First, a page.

In the kindergarten Velenje, students spend a lot of time in nature. There are lots of opportunities out in the forest, which enable children to train many new skills, develop physical abilities and practice nature observation. Children have created forest playrooms, gymnasiums, camps, homes and houses. Small ones for dwarfs and fairies, some bigger ones for us and big ones, just in case the little mole Ligi joins!With some clear rules set up, playing zones have been designed. The forest playing rooms offered endless possibilities for imaginary games. And there's no place like imagination, where dwarfs, fairies, unicorns and other creatures can join children while they play. In the forest, children were able to pick up different materials and forest products each time. From these materials, real forest pictures and sculptures were made. In each visit to the forest, children were encouraged to use all their senses; observe the tall trees, listen to the birds singing, the rustling of leaves, touching the tree bark, hugging trees as well as all their friends! A sensory path was created with some of the forest products children collected, sometimes, children even walked through the forest barefoot.“We are too rarely aware that the forest is a teacher that can teach children more if we enter it open-minded, experience it in silence, by observing, listening, touching, or if we just let ourselves to SIMPLY BE in the forest. Only in such a way, will children experience the peace, joy and love that they deserve. They will enter it unobtrusively, respectfully, which for sure also is what the forest deserves.” I still remember When we went to the forest playroom, one of the students said very loudly: “ I love the forest!Maruša Kozman and preschool teachers of kindergarten VelenjeChildren also got to visit a carpenter to create wood pieces for the forest playrooms. The carpenter presented them with his work and showed them how to make a wooden crate. After having met the carpenter, children even gave up themselves to some carpenting. The children highly enjoyed grinding, constructing, glueing and sawing the wood. Hardly anyone cared about the hurt fingers while hammering nails and the pain, they were so proud of themselves and their success!The forest was also used as a math classroom. The children compared sticks, cones, different forest fruits, they observed trees, got to know forms, sorting, counting, stringing, comparing. They had real fun! In the forest gymnasium, forest ranges were created and physical activities were carried out. The forest is not always silent, there are different sounds coming from it. In the forest, sometimes students find materials which serve them to perform all kinds of music such as playing the drums!The children got the idea that our forest is protected by a very special creature. Together with the children, we believe as well, so that it will remain a clean and magical place also in the future. We will return to nature in future to continue to explore, get to know new things, discover and ensure that the forest remains our priceless experience, shelter and a warm home.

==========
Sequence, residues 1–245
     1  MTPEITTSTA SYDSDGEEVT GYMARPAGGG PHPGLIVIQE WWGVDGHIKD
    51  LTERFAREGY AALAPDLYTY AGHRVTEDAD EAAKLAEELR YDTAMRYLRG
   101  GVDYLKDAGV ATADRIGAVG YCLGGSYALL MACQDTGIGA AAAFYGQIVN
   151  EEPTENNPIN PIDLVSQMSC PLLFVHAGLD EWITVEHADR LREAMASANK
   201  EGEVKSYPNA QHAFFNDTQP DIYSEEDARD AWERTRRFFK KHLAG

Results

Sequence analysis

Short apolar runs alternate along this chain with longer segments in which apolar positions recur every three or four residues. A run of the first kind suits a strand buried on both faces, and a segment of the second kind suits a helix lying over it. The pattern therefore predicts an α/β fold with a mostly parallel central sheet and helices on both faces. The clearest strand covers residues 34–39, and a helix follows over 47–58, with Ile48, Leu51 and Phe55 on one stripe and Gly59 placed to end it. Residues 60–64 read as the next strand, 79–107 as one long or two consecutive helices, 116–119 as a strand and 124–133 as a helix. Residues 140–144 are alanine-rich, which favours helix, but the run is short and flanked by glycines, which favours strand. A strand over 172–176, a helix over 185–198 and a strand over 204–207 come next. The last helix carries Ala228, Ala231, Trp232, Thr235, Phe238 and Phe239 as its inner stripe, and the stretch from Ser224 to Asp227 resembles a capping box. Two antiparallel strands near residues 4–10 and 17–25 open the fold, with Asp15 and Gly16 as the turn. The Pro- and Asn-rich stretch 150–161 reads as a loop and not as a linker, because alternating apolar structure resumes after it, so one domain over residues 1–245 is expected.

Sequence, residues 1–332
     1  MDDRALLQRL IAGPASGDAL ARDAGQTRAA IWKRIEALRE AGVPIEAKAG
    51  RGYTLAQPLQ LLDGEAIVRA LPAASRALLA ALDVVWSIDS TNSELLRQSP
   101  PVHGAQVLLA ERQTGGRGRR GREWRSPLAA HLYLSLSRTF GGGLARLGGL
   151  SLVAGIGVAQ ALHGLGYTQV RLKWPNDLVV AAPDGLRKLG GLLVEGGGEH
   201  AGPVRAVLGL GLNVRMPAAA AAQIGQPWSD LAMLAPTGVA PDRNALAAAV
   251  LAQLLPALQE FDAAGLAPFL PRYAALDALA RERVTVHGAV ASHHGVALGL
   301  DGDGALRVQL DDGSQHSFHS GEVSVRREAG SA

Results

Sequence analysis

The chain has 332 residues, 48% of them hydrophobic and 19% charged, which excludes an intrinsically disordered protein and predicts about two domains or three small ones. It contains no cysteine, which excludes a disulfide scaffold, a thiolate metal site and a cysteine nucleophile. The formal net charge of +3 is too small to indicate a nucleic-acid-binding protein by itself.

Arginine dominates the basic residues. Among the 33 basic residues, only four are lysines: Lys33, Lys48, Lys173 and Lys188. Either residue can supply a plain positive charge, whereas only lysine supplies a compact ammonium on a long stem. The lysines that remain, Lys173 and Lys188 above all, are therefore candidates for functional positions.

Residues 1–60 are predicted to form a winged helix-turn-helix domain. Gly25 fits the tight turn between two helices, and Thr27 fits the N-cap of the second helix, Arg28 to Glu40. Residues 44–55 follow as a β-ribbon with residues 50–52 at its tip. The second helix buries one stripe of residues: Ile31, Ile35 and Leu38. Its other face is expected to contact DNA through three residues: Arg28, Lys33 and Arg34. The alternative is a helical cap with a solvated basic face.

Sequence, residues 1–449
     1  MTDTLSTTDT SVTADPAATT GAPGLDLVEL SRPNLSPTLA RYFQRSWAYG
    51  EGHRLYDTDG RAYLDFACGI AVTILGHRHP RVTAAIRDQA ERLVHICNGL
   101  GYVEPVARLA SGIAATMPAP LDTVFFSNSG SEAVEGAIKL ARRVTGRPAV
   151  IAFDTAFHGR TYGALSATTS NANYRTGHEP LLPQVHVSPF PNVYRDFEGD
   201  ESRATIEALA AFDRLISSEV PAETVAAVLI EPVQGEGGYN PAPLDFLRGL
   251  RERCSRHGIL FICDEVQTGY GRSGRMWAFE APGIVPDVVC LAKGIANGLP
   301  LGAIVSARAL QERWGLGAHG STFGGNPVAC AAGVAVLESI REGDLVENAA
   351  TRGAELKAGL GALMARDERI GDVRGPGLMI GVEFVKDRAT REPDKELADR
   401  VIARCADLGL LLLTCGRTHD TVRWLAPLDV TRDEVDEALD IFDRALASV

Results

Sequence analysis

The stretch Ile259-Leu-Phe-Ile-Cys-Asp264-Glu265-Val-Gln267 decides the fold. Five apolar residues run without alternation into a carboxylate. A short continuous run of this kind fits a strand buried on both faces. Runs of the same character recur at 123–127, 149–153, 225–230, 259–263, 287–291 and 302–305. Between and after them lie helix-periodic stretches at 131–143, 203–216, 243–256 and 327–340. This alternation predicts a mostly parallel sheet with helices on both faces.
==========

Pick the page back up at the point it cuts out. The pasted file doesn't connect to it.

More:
Growing Better Together (South Africa)